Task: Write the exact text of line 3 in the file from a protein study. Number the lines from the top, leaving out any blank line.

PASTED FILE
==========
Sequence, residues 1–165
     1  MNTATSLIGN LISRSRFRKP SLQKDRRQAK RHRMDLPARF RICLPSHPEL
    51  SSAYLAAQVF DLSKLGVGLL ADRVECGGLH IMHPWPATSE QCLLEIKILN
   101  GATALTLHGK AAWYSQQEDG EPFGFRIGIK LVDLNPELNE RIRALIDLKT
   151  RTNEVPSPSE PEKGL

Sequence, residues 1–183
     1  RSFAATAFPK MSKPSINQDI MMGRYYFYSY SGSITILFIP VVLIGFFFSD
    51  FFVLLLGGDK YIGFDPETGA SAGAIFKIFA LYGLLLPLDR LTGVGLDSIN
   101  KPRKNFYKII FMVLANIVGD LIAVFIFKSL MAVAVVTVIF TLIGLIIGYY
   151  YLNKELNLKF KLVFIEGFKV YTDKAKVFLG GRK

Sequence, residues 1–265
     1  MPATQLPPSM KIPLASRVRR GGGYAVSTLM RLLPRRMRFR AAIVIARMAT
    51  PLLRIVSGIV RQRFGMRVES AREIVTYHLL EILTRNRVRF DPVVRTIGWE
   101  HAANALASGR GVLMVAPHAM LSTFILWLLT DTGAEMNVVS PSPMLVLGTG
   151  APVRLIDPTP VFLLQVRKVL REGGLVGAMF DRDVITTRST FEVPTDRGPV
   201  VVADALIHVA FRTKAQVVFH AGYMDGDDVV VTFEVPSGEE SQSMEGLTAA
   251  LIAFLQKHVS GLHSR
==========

    51  SSAYLAAQVF DLSKLGVGLL ADRVECGGLH IMHPWPATSE QCLLEIKILN